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Ancient Murrelet Synthliboramphus antiquus

Justification
This species has a very large range, and hence does not approach the thresholds for Vulnerable under the range size criterion (Extent of Occurrence <20,000 km2 combined with a declining or fluctuating range size, habitat extent/quality, or population size and a small number of locations or severe fragmentation). Despite the fact that the population trend appears to be decreasing, the decline is not believed to be sufficiently rapid to approach the thresholds for Vulnerable under the population trend criterion (>30% decline over ten years or three generations). The population size is extremely large, and hence does not approach the thresholds for Vulnerable under the population size criterion (<10,000 mature individuals with a continuing decline estimated to be >10% in ten years or three generations, or with a specified population structure). For these reasons the species is evaluated as Least Concern.

Taxonomic source(s)
AERC TAC. 2003. AERC TAC Checklist of bird taxa occurring in Western Palearctic region, 15th Draft. Available at: #http://www.aerc.eu/DOCS/Bird_taxa_of _the_WP15.xls#.
del Hoyo, J.; Collar, N. J.; Christie, D. A.; Elliott, A.; Fishpool, L. D. C. 2014. HBW and BirdLife International Illustrated Checklist of the Birds of the World. Barcelona, Spain and Cambridge UK: Lynx Edicions and BirdLife International.

Distribution and population
The Ancient Murrelet can be found from the Yellow Sea (islands off China and Korea), through the Russian Pacific coast and the Aleutian Islands to the Haida Gwaii archipelago of British Columbia (Canada), where about half of the world population breeds. It can be found as far south as the southern coast of California (USA) (del Hoyo et al. 1996).

Population justification
The global population is estimated to number c.1,000,000-2,000,000 individuals (del Hoyo et al. 1996), while national population estimates include: c.100-10,000 breeding pairs and c.1,000-10,000 wintering individuals in China; c.100-10,000 breeding pairs and c.1,000-10,000 wintering individuals in Korea; c.100-10,000 breeding pairs and c.1,000-10,000 wintering individuals in Japan and c.10,000-100,000 breeding pairs and c.1,000-10,000 wintering individuals in Russia (Brazil 2009).

Trend justification
The population trend is decreasing in North America (based on BBS/CBC data: Butcher and Niven 2007). The global population is also suspected to be in decline owing to predation by invasive species.

Ecology
Habitat: This species if found offshore and along rocky sea coasts. It breeds on islands often with dense vegetation. It forages mainly in offshore waters to the edge of the continental shelf but mayalso be found inshore where oceanographic processes concentrated food near the sea surface. It winters well offshore, often off the shelf break, but also over inshore waters where food concentration is high. Its distribution is determined largely by concentrations of planktonic crustaceans and small fish. Diet: Its diet is comprised mainly of planktonic crustaceans and small larval fish, with the specific prey species varying both geographically and temporally. Feeding usually occurs in small flocks by diving. Breeding: Individuals arrive in the vicinity of colonies a month before laying, from early spring to mid-summer depending on the locality. It is colonial but at low densities, and is often associated with other alcids. It is nocturnal at colonies, nesting in burrows excavated in soil but also in rock crevices and cavities and occasionally in holes dug by other suterranean nesters (del Hoyo et al. 1996).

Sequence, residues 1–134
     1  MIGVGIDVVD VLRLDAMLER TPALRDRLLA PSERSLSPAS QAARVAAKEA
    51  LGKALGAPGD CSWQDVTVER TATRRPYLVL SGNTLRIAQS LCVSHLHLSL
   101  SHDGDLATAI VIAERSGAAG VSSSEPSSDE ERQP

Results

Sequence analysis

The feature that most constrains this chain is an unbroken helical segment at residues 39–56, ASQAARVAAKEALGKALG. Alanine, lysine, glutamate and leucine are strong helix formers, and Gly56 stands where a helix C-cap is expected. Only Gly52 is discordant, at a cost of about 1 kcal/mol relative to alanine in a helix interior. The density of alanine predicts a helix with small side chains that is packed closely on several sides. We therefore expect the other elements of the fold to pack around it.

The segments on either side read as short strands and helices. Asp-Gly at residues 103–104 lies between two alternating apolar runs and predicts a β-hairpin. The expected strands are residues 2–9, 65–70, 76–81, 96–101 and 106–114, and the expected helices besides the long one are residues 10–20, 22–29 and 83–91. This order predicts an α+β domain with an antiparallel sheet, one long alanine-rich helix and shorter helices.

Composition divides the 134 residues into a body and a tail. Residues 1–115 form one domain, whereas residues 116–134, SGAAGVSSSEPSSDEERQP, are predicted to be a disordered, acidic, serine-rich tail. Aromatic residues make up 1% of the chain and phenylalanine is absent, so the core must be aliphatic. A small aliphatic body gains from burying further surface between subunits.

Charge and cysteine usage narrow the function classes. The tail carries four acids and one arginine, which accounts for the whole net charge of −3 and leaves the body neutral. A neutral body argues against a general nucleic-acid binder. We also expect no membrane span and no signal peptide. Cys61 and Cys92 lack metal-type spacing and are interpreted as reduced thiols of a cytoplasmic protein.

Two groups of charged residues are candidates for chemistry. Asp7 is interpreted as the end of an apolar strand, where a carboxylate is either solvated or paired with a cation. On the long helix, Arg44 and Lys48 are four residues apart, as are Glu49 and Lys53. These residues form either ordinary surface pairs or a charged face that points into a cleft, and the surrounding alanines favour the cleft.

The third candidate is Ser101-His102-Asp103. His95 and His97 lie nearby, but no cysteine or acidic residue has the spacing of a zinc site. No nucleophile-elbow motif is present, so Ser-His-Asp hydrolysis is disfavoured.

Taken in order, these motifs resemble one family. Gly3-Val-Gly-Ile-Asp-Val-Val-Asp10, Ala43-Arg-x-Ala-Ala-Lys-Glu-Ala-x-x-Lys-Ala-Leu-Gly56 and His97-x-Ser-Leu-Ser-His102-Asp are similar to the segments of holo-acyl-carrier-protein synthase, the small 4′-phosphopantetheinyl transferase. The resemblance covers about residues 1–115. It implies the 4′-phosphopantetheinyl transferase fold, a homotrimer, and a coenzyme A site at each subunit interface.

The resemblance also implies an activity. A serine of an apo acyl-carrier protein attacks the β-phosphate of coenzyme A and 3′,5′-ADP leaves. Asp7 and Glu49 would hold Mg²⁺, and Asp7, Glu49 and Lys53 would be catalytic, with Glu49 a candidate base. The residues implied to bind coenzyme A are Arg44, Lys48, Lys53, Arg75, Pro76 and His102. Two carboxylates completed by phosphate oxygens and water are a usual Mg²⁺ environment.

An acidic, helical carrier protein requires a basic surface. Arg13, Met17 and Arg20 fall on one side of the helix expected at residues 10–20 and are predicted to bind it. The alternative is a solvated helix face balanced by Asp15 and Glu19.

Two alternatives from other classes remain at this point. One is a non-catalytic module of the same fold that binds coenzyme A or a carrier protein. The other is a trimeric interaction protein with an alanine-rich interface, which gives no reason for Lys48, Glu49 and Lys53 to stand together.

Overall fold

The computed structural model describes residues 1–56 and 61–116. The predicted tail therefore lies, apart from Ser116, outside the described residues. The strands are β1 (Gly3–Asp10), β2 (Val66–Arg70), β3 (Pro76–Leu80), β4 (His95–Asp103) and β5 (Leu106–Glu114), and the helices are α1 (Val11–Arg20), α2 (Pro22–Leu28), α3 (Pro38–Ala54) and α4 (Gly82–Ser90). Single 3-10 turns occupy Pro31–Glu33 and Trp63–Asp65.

References
Brazil, M. 2009. Birds of East Asia: eastern China, Taiwan, Korea, Japan, eastern Russia. Christopher Helm, London.

del Hoyo, J.; Elliott, A.; Sargatal, J. 1996. Handbook of the Birds of the World, vol. 3: Hoatzin to Auks. Lynx Edicions, Barcelona, Spain.

Gaston, A. J.; Smith, J. L. 2001. Changes in oceanographic conditions off northern British Columbia (1983-1999) and the reproduction of a marine bird, the Ancient Murrelet (Synthliboramphus antiquus). Canadian Journal of Zoology 79: 1735-1742.

Further web sources of information
Explore HBW Alive for further information on this species

Search for photos and videos, and hear sounds of this species from the Internet Bird Collection

Text account compilers
Ekstrom, J., Butchart, S., Calvert, R.

IUCN Red List evaluators
Butchart, S., Symes, A.

Recommended citation
BirdLife International (2014) Species factsheet: Synthliboramphus antiquus. Downloaded from http://www.birdlife.org on 25/10/2014. Recommended citation for factsheets for more than one species: BirdLife International (2014) IUCN Red List for birds. Downloaded from http://www.birdlife.org on 25/10/2014.

This information is based upon, and updates, the information published in BirdLife International (2000) Threatened birds of the world. Barcelona and Cambridge, UK: Lynx Edicions and BirdLife International, BirdLife International (2004) Threatened birds of the world 2004 CD-ROM and BirdLife International (2008) Threatened birds of the world 2008 CD-ROM. These sources provide the information for species accounts for the birds on the IUCN Red List.

To provide new information to update this factsheet or to correct any errors, please email BirdLife

To contribute to discussions on the evaluation of the IUCN Red List status of Globally Threatened Birds, please visit BirdLife's Globally Threatened Bird Forums.

Key facts
Current IUCN Red List category Least Concern
Family Alcidae (Auks)
Species name author (Gmelin, 1789)
Population size mature individuals
Population trend Decreasing
Distribution size (breeding/resident) 436,000 km2
Country endemic? No
Links to further information
- Additional Information on this species